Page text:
Fortunately for the news media, the concerted effort to destroy them is headed by idiots like James O'Keefe III and his merry band of blockheads at Project Veritas, as once again an obvious "sting operation" to discredit a major news outlet, in this case the Washington Post and its coverage of Roy Moore's sexual assault, gloriously backfired as the reporters at the newspaper actually did their job and followed up on O'Keefe's attempt to plant a fake accuser against Moore.

A woman who falsely claimed to The Washington Post that Roy Moore, the Republican U.S. Senate candidate in Alabama, impregnated her as a teenager appears to work with an organization that uses deceptive tactics to secretly record conversations in an effort to embarrass its targets. 
In a series of interviews over two weeks, the woman shared a dramatic story about an alleged sexual relationship with Moore in 1992 that led to an abortion when she was 15. During the interviews, she repeatedly pressed Post reporters to give their opinions on the effects that her claims could have on Moore’s candidacy if she went public.

The Post did not publish an article based on her unsubstantiated account. When Post reporters confronted her with inconsistencies in her story and an Internet posting that raised doubts about her motivations, she insisted that she was not working with any organization that targets journalists. 
But on Monday morning, Post reporters saw her walking into the New York offices of Project Veritas, an organization that targets the mainstream news media and left-leaning groups. The organization sets up undercover “stings” that involve using false cover stories and covert video recordings meant to expose what the group says is media bias.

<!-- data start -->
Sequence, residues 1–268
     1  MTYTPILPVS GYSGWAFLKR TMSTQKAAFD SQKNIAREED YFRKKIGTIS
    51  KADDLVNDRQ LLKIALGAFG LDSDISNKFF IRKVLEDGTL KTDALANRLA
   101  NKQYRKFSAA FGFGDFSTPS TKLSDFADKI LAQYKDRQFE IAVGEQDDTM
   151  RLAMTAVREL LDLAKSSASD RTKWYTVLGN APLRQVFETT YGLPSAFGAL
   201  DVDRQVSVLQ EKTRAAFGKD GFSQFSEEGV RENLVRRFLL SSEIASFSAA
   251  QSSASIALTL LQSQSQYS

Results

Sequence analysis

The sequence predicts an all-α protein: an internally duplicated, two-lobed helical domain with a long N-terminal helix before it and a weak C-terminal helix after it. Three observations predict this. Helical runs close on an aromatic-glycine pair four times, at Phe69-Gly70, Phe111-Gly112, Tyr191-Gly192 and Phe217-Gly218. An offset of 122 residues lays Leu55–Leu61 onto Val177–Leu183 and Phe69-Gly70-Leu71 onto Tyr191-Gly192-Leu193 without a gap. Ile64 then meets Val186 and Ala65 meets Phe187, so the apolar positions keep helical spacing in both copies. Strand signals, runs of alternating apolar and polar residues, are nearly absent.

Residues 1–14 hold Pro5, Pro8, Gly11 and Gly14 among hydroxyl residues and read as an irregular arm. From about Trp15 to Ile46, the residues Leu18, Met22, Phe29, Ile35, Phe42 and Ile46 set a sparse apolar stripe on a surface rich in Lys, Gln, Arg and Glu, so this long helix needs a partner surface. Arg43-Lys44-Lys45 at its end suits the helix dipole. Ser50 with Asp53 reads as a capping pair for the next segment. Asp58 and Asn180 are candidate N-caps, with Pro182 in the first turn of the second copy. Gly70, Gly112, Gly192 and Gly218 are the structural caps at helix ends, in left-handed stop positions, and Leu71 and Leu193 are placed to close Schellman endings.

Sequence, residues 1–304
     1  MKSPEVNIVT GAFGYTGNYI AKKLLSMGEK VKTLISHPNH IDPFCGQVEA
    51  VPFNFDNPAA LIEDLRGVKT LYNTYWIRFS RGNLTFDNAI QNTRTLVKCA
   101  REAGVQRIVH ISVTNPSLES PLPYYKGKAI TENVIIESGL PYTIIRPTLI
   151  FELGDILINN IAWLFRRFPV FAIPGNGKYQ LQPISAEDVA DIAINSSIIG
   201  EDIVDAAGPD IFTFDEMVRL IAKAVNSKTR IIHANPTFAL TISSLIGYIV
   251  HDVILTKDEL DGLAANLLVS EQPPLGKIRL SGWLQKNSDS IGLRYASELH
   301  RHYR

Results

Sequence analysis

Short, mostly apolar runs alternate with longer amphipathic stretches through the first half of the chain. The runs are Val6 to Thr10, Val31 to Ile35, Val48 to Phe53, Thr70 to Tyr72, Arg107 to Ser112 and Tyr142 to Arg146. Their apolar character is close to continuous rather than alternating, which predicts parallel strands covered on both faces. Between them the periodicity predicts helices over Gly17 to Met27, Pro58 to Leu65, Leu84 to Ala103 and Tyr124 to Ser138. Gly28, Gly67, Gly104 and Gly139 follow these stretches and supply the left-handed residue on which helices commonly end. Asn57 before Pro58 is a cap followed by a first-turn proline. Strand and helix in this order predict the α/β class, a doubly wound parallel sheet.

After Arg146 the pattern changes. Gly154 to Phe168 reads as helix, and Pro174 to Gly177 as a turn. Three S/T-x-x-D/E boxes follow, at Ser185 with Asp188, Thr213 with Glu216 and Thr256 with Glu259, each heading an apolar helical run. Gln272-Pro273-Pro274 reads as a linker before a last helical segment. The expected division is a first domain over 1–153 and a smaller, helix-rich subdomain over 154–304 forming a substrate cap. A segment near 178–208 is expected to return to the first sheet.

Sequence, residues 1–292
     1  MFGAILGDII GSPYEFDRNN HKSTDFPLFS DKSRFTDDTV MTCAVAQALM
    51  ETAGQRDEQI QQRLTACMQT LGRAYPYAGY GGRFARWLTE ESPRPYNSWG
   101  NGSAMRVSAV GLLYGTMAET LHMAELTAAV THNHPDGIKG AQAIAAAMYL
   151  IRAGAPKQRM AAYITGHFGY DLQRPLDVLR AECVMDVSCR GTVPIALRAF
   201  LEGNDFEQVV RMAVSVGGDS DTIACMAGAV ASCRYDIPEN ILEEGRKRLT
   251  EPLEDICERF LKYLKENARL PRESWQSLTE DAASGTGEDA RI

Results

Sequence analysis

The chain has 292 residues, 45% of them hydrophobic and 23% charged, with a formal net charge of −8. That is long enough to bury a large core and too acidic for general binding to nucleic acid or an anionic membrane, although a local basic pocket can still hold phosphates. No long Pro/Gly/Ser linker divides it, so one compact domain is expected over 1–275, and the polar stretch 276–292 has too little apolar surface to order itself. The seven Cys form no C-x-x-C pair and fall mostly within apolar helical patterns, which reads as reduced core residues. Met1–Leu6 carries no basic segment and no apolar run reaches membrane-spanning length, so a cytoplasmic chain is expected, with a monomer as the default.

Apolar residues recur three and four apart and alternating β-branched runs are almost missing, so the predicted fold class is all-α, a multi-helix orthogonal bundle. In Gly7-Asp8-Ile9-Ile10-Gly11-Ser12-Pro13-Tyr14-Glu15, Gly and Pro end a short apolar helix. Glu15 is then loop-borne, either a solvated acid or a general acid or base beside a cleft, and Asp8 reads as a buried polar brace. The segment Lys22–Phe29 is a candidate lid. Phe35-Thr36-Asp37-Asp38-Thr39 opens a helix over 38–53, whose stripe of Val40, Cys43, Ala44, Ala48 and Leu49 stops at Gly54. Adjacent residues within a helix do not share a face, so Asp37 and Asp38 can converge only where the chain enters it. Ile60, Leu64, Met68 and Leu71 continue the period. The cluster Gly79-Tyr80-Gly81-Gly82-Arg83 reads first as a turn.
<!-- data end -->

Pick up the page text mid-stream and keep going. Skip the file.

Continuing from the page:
James O’Keefe, the Project Veritas founder who was convicted of a misdemeanor in 2010 for using a fake identity to enter a federal building during a previous sting, declined to answer questions about the woman outside the organization’s offices on Monday morning shortly after the woman walked inside. 
“I am not doing an interview right now, so I’m not going to say a word,” O’Keefe said.

In a follow-up interview, O’Keefe declined to answer repeated questions about whether the woman was employed at Project Veritas. He also did not respond when asked if he was working with Moore, former White House adviser and Moore supporter Stephen K. Bannon, or Republican strategists. 
The group’s efforts illustrate the lengths to which activists have gone to try to discredit media outlets for reporting on allegations from multiple women that Moore pursued them when they were teenagers and he was in his early 30s. Moore has denied that he did anything improper.

A spokesman for Moore’s campaign did not respond to a message seeking comment.

Now, this absolutely was a stupid, long-shot stunt on O'Keefe's part.  He's tried such sophomoric nonsense before. But remember, even if there was a 99% chance he was going to be caught here, if he hadn't, if the Post had run the false accusations, it would have destroyed the Post's credibility for years, and most likely served as a major deterrent for people to come forward on sexual harassment for a significant period of time.

That is the the gamble O'Keefe was willing to take, and it's worth it to him.  As with ACORN, the voter registration outfit that he helped to destroy with a ludicrous "sting" video (which still serves as a right-wing coded dog whistle) and with Shirley Sherrod, who was fired wrongfully from her government job in 2010 after a false story in Breitbart accused her of being racist, remember that all he has to do is catch a news outlet napping once.